When viewing Marchand & Meffre’s photo essay, “The Ruins of Detroit,” one image that particularly stuck out to me was Fort Shelby Hotel. It is an image of of a hallway in the hotel, with yellow moldings and peeling wallpaper. To the right of the doorway to the hall is a row of windows which face the side of another old building.
At first glance I noticed that this photograph uses the rule of thirds. The focal point, the doorway, lies in the left-most third of the frame. However, the picture also has a good balance because of the large row of windows on the opposite side of the frame and the vertical pole in the center of the image which divides these two objects. I also really like the depth shown in the photo, as I can see down the hallway and catch glimpses of the doorways of the hotel rooms with light spilling into the hall. Finally, the objects in the photo keep my focus in the center of the photograph, because the wooden scrap on the floor and the metal pole point to the center of the image, drawing my eye to it and to the doorway.
(2) how you see the image fitting within the scheme of the larger photo essay of which it forms a part
This image is part of the larger concept of the once-beautiful icons and buildings in Detroit. Although the hotel is in ruins, the image draws my eye into the hallway, causing me to look beyond what is right in front of me both in a literal and metaphorical sense. The composition suggests to my imagination the former beauty of that hallway, and makes me think of the people who used to stay in those hotel rooms and the grandeur the hotel used to display. This concept fits into the larger theme of celebrating the former beauty of the city of Detroit before it is all completely lost and forgotten.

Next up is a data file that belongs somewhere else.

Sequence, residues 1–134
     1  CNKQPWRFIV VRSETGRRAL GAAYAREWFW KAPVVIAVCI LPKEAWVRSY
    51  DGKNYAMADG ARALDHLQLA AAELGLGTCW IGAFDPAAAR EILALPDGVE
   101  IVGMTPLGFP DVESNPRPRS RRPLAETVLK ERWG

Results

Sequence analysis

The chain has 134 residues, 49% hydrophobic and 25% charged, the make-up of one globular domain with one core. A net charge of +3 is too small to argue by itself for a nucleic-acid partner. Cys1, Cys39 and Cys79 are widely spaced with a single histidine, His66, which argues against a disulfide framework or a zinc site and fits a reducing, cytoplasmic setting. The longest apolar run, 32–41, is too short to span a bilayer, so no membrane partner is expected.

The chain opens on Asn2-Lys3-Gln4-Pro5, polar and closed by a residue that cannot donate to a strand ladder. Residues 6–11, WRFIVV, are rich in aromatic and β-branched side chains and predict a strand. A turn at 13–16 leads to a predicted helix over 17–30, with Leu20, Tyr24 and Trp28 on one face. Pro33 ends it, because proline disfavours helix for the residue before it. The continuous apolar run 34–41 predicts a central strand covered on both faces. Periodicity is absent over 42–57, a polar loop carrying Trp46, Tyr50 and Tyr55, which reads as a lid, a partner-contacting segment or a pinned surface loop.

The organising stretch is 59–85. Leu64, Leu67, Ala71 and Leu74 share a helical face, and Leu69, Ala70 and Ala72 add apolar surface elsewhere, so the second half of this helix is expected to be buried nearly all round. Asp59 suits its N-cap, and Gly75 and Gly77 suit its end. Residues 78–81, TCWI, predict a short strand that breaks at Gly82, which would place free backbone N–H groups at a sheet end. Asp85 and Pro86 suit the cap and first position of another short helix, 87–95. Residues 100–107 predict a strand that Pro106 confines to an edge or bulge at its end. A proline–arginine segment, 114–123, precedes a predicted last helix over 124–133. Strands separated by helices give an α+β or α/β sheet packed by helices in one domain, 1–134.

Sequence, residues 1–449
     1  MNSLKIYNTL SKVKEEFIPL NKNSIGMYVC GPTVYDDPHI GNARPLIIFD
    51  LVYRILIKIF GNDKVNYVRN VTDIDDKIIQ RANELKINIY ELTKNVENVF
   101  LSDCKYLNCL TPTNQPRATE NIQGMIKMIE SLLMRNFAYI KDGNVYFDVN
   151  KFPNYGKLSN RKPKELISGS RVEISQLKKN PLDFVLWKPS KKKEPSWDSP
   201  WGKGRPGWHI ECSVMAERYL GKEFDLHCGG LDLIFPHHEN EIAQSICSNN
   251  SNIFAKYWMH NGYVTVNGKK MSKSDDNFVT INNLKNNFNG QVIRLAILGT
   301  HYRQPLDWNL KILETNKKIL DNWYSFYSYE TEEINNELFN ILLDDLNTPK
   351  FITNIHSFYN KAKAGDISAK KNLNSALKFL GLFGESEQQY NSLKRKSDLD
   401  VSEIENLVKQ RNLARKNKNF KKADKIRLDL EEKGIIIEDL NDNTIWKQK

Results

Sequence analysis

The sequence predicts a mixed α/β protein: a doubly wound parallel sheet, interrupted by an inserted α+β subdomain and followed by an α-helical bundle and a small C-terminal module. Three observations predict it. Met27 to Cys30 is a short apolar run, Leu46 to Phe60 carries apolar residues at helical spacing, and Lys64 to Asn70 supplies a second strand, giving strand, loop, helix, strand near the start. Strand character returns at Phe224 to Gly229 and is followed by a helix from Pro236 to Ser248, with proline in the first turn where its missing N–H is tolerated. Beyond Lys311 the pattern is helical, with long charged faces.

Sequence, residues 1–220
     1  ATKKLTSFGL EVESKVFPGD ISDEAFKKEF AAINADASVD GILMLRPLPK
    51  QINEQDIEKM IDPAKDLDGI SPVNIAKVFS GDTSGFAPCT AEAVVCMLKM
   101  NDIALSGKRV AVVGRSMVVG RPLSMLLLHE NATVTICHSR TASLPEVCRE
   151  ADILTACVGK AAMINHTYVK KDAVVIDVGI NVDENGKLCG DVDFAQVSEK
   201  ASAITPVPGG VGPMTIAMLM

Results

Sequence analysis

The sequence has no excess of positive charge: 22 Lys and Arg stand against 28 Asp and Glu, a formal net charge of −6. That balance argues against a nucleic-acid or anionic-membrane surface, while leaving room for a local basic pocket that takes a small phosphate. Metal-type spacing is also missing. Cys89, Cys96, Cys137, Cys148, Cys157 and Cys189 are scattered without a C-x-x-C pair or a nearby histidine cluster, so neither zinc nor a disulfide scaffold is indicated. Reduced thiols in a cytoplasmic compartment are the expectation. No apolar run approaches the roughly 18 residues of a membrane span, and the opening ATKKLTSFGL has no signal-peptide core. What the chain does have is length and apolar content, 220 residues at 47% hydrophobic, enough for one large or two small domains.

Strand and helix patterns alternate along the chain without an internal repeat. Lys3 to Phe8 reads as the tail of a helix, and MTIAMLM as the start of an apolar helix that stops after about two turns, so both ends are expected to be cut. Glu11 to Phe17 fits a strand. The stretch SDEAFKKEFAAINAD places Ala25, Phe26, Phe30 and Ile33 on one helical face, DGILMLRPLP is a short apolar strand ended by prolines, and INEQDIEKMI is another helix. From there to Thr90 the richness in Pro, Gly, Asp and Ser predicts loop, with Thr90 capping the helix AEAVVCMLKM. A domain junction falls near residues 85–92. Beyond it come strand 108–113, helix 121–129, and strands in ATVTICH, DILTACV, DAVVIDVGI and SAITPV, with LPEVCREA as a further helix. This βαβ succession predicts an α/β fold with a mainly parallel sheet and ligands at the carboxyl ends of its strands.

Although the subject matter is somewhat depressing – looking at the tattered remains of a building that used to be beautiful and will not likely ever be so again – this image elicits more than sad emotions. The bright yellow of the moldings in the hall and the light spilling in through the doors gives it an almost hopeful attitude, as though even though the hotel and its glamour are gone, the memories of the happy times there will still live on through this image.